Book Review: A Doll’s House, by Henrik Ibsen

Book cover for A Doll's House by Henrik Ibsen.
A circular logo with a silhouette of a woman in the middle holding her finger to her mouth as if to say, shhhh.

Secretum Meum Mihi Press

A Doll’s House, by Henrik Ibsen

Reviewed by Beverly Mantyh

Although we read about distant storms like tornadoes, floods and hurricanes daily, it is often the wild seas of relationships that cause us to fear that we might perish. Henrik Ibsen’s A Doll’s House is an insightful view into the psychological drama and vulnerability of marriage.

Ibsen is considered by many to be the father of modern theater. A Doll’s House was among the first of Ibsen plays to use the stage as a soap box. The final act was considered so controversial that Ibsen wrote an alternative ending to be used “in cases of emergency.” Notoriety led to popular success; A Doll’s House was reprinted three times within the first three months of its original publishing date.

Ibsen’s small cast of characters and the intimate setting draw us into his theater of ideas. As Nora and Torvald Helmer prepare for Christmas in their middle class parlor, Ibsen exposes Nora’s deceptions and Torvald’s illusions. Nora took a loan without the knowledge of her husband and forged her father’s signature to secure it. A heroine in her own mind, she feels she spared her father anxiety on his deathbed and saved her husband’s health by traveling to a warmer climate. Just as relief from the debt is in sight, Nora’s masquerade is threatened by Krogman, the holder of Nora’s promissory note. Nora’s nemesis becomes the catalyst to truthfulness in the Helmer marriage.

In the third act, the raw exposure of authentic selves in the discussion between Nora and Torvald is anything but polite. Torvald is shown to be more concerned with appearances than his family. Nora has lied to herself as much as to him. Even Doctor Rank, Mrs. Linde and Krogstad have hidden agendas. The audience hopes for the light of truth to resolve the conflicts. Instead, Nora chooses not to weather the storm and abandons ship. Is it because of her inability to accept the truth or is it because of her selfish refusal to let go of romantic notions?

Ibsen’s “shocking” ending doesn’t leave quite the same impression on my jaded twenty-first century mind as it would have on the audiences of the late nineteenth century. Sadly, a woman abandoning her children for selfish reasons no longer inspires rioting. Voyeuristic headlines make us numb to the dreadful details of personal storms. However, Ibsen’s psychological insights are still as profound a hundred years later as they were in the 1890’s. To be real, Nora must abandon her romantic notions and take her rightful place at the heart of her family. A Doll’s House is a good read to inspire contemplation of the self that emerges within the pressure of life’s storms.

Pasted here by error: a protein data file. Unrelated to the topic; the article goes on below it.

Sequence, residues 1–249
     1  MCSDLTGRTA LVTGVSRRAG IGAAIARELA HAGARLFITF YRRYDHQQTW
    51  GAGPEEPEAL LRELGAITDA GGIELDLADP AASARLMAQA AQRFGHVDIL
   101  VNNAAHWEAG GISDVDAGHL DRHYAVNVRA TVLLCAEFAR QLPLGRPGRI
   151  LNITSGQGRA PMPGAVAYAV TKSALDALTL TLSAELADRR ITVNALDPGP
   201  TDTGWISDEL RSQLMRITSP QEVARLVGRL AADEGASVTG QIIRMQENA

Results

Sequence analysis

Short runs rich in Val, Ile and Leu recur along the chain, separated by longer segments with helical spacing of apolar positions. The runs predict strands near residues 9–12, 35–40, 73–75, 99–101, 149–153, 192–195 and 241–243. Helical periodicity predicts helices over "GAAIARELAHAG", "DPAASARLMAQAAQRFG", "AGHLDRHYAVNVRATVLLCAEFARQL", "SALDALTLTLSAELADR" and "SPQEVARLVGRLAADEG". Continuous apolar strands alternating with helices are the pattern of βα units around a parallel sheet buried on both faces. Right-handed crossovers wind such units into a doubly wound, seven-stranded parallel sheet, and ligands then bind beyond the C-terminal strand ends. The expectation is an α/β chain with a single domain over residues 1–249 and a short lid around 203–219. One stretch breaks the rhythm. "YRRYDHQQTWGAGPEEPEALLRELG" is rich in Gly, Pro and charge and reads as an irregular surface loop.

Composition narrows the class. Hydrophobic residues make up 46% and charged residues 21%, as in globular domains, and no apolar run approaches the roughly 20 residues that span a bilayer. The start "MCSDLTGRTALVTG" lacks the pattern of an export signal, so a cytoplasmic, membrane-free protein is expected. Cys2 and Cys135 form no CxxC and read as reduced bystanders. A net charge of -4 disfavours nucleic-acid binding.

Discussion Questions:

  1. Nora seems incapable of assessing her own virtues and sins. She minimizes both her strengths and the effects of her shortcomings on others. What were the direct results of Nora’s inability to be honest with herself?
  2. Prayer strengthens us in self-knowledge. Do I give myself credit for my virtues? Do I have relationships that are harmed because I am procrastinating about real problems? Would it help to take my failings to Jesus in the storm?
  3. Norma tries high drama to divert attention from the revealing letter from Krogstad. Torvald confronts her, “No tragedy airs, please,” but then he blames her father for her actions. Dr. Rank and Krogstad also play the blame game. Does society still blame parents for the sins of their children? Should parents take the rap? How do the gospels answer this question?

Want to read the whole issue in one sitting? The articles in MY SECRET IS MINE newsletter are available to paid subscribers as a PDF download. CHECK IT OUT!

$8.00 / month

My Secret is Mine Newsletter – Premium

Advance copy of the current month’s newsletter by PDF

ONE free archive PDF download coupon per month

Audience access to… Read more

Related Newsletters